Recorded Books, LLC,publisher.
author_displayLarson, Erik
available_at_auroraCentral
detailed_location_auroraCentral
display_description

At the dawn of the twentieth century, a great confidence suffused America. Isaac Cline was one of the era's new men, a scientist who believed he knew all there was to know about the motion of clouds and the behavior of storms. The idea that a hurricane could damage the city of Galveston, Texas, where he was based, was to him preposterous, "an absurd delusion." It was 1900, a year when America felt bigger and stronger than ever before. Nothing in nature could hobble the gleaming city of Galveston, then a magical place that seemed destined to become the New York of the Gulf.

That August, a strange, prolonged heat wave gripped the nation and killed scores of people in New York and Chicago. Odd things seemed to happen everywhere: A plague of crickets engulfed Waco. The Bering Glacier began to shrink. Rain fell on Galveston with greater intensity than anyone could remember. Far away, in Africa, immense thunderstorms blossomed over the city of Dakar, and great currents of wind converged. A wave of atmospheric turbulence slipped from the coast of western Africa. Most such waves faded quickly. This one did not.

In Cuba, America's overconfidence was made all too obvious by the Weather Bureau's obsession with controlling hurricane forecasts, even though Cuba's indigenous weathermen had pioneered hurricane science. As the bureau's forecasters assured the nation that all was calm in the Caribbean, Cuba's own weathermen fretted about ominous signs in the sky. A curious stillness gripped Antigua. Only a few unlucky sea captains discovered that the storm had achieved an intensity no man alive had ever experienced.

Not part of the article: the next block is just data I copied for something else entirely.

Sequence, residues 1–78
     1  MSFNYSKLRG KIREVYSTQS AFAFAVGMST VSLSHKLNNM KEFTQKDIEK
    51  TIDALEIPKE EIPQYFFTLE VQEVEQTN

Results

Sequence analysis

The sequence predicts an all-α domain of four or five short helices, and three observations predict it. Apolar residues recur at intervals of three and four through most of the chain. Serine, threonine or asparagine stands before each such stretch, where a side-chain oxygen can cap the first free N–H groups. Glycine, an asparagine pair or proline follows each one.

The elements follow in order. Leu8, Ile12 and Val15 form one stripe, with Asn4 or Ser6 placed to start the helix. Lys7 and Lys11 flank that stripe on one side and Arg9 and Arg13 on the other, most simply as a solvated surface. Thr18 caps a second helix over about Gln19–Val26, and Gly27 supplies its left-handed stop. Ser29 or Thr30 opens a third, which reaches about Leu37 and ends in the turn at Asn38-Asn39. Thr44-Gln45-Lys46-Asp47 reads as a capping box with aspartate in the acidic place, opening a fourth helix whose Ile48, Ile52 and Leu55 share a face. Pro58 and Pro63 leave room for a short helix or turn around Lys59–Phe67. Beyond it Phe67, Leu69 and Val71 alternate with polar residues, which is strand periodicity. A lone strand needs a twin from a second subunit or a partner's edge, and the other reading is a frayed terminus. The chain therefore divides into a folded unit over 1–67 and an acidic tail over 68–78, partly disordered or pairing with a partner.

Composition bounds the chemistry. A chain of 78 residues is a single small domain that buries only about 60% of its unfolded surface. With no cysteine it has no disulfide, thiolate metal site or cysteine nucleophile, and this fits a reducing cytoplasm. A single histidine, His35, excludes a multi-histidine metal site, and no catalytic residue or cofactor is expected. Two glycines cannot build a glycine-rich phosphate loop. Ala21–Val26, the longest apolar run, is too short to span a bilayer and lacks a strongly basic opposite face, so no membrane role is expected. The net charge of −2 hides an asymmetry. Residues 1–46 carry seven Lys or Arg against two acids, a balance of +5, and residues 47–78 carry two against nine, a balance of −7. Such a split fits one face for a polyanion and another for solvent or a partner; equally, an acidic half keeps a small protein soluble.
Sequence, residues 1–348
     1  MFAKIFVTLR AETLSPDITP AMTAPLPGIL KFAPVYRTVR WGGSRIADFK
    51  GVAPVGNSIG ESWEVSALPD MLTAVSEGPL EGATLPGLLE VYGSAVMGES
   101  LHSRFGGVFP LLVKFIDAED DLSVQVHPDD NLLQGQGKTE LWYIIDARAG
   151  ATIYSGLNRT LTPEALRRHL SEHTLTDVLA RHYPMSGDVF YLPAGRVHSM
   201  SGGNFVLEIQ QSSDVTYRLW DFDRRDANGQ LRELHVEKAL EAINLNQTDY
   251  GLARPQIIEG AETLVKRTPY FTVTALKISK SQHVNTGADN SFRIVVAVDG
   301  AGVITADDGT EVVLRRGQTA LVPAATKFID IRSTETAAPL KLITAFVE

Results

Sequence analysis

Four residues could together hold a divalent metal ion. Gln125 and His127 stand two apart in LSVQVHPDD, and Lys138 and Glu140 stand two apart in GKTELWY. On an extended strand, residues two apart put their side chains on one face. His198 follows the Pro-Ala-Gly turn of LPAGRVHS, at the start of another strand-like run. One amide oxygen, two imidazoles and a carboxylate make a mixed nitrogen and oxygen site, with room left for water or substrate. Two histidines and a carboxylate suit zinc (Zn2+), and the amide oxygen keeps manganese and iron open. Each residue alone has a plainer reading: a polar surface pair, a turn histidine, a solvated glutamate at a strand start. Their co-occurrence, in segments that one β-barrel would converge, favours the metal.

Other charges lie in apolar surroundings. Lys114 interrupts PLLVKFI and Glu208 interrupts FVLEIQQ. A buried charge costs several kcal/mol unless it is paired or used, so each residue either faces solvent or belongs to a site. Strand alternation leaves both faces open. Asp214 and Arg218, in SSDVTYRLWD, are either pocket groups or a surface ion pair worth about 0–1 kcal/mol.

In Galveston, reassured by Cline's belief that no hurricane could seriously damage the city, there was celebration. Children played in the rising water. Hundreds of people gathered at the beach to marvel at the fantastically tall waves and gorgeous pink sky, until the surf began ripping the city's beloved beachfront apart. Within the next few hours Galveston would endure a hurricane that to this day remains the nation's deadliest natural disaster. In Galveston alone at least 6,000 people, possibly as many as 10,000, would lose their lives, a number far greater than the combined death toll of the Johnstown Flood and 1906 San Francisco Earthquake.

And Isaac Cline would experience his own unbearable loss.

Meticulously researched and vividly written, Isaac's Storm is based on Cline's own letters, telegrams, and reports, the testimony of scores of survivors, and our latest understanding of the hows and whys of great storms. Ultimately, however, it is the story of what can happen when human arrogance meets nature's last great uncontrollable force. As such, Isaac's Storm carries a warning for our time.

From the Hardcover edition.

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subject_facetAudiobooks
Cline, Isaac Monroe, -- 1861-1955
DIGITAL COMPACT DISC
Floods -- Texas -- Galveston -- History -- 20th century
Galveston (Tex.) -- Biography
Galveston (Tex.) -- History -- 20th century
Hurricanes -- Texas -- Galveston -- History -- 20th century
title_displayIsaac's storm : a man, a time, and the deadliest hurricane in history
title_fullIsaac's Storm A Man, a Time, and the Deadliest Hurricane in History
Isaac's storm : a man, a time, and the deadliest hurricane in history / by Erik Larson
Isaac's storm : a man, a time, and the deadliest hurricane in history / Erik Larson
title_shortIsaac's storm
title_suba man, a time, and the deadliest hurricane in history
topic_facetCline, Isaac Monroe
Floods
History
Hurricanes
Nonfiction
Science